Clearly, the face of the nation's truck driver is changing. And it will keep changing, especially at fleets whose managers are willing to cast a wider net to fill driver's seats from an increasingly diverse labor pool.
Diversity is a national strength. And based on the statistics cited here, U.S. fleets are doing a commendable job overall-with the glaring exception of women-hiring minorities as truck drivers.
But as the white male labor force continues to age and shrink, there will be plenty of women and more members of racial/ethnic minorities that will have to be recruited to ensure driver's seats don't go empty.
In talking to the select group of drivers profiled here, who together represent a cross section of the types of people who are driving trucks now and will be in the future, it becomes patently obvious fleets can do a better job.
They point out that fleets, whether trying to reach white, black, Hispanic or female candidates, do not always convey how rewarding a career truck driving can be, nor do they always take full advantage of the many avenues open to them to reach prospective drivers.
“If a fleet put me in charge of recruiting,” says owner-operator McCrary, “yes, I would approach it differently. To reach minorities, you need to be where they are. What about fleets posting their opportunities at unemployment offices? How about taking advantage of web links to groups like the NAACP or participating in a job fair in an inner city neighborhood?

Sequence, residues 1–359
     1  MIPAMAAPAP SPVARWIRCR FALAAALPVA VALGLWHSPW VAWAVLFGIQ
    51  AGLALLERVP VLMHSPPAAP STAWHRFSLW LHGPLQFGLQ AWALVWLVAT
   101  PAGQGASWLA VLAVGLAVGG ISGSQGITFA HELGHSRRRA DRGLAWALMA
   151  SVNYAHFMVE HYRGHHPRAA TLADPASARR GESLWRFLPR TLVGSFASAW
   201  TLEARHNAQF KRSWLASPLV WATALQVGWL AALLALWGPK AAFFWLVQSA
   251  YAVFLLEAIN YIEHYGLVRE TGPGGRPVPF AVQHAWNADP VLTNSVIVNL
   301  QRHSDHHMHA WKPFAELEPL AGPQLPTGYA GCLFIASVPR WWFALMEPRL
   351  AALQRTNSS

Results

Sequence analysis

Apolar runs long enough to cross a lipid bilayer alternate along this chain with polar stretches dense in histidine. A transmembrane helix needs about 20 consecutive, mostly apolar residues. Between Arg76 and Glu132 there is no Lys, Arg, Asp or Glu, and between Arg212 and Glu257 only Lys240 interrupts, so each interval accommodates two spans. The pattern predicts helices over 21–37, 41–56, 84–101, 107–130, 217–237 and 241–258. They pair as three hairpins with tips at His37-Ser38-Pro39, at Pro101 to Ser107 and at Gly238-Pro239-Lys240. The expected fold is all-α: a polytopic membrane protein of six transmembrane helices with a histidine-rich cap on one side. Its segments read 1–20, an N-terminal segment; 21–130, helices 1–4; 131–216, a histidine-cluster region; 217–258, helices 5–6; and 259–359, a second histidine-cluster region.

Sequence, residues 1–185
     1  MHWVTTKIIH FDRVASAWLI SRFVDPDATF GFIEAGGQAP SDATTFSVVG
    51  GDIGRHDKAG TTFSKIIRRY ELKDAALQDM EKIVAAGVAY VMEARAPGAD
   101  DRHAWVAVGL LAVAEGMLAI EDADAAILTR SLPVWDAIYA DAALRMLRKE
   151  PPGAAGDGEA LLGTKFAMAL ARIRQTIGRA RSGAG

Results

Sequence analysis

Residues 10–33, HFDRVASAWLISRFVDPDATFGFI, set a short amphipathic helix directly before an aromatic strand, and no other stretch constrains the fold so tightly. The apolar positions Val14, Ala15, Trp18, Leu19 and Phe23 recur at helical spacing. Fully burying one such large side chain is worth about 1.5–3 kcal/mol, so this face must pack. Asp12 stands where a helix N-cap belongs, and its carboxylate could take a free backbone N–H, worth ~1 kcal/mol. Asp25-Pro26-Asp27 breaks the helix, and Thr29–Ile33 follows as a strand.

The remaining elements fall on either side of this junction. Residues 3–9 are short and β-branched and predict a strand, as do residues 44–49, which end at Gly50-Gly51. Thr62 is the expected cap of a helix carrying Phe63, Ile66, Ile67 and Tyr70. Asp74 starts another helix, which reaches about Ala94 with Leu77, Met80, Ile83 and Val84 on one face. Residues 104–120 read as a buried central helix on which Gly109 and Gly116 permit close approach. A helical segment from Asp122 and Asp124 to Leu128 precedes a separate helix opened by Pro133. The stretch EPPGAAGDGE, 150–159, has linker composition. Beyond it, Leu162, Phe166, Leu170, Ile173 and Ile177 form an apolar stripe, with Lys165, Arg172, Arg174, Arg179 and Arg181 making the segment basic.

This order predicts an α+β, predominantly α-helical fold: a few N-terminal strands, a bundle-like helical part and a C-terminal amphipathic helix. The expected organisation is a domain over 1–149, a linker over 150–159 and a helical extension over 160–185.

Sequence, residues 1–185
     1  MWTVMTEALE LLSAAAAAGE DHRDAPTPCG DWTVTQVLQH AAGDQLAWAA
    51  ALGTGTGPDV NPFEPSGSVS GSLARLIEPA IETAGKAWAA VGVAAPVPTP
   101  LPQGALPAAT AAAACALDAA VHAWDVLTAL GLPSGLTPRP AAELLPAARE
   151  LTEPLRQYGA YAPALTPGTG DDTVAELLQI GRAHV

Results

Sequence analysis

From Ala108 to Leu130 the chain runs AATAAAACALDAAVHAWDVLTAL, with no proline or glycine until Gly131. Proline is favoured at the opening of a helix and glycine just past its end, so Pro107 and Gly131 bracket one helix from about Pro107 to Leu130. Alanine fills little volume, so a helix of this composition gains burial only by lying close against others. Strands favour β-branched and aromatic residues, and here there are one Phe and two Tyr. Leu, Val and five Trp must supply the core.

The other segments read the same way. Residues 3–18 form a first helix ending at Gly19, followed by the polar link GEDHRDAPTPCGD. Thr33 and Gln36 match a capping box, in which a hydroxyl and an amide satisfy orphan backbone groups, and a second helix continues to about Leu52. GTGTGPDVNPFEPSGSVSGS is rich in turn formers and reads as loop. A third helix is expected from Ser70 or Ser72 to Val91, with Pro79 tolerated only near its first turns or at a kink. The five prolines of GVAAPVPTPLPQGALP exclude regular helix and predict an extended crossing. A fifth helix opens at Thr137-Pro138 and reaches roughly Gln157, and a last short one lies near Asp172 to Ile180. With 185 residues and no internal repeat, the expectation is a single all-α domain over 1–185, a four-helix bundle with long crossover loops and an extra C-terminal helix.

“If there is a shortage of drivers,” McCrary adds, “then maybe they need to be trying harder to reach out to a wider audience.”
But even fleets that do reach out to minorities may need to think about their approach, especially to avoid ineffectual “one size fits all” recruiting methods.
“Large, successful carriers can be intimidating,” points out owner-operator Mireles. “A powerful corporate image can lead a prospect to think they must have lots of driving experience just to apply.”
Mireles says it's important not to talk down to people but to “talk to them at their level-even if that means hiring a local recruiter who knows the community or at least inviting a driver from the area to speak informally to candidates.”
When it comes to reaching out to women, who remain a woefully untapped resource for drivers, fleets should not be shy about proclaiming the advantages of truck driving.
“The truth,” Con-Way Western's Daly points out, “is many women are stuck in dead-end, low-paying jobs. Trucking, if they knew it, would offer them a way to do much better.”
Daly says she has encountered people who want to know more about trucking, and they are not all women. “A house painter approached me once who was interested in becoming a driver. He said he just didn't have the slightest idea of how to go about it.”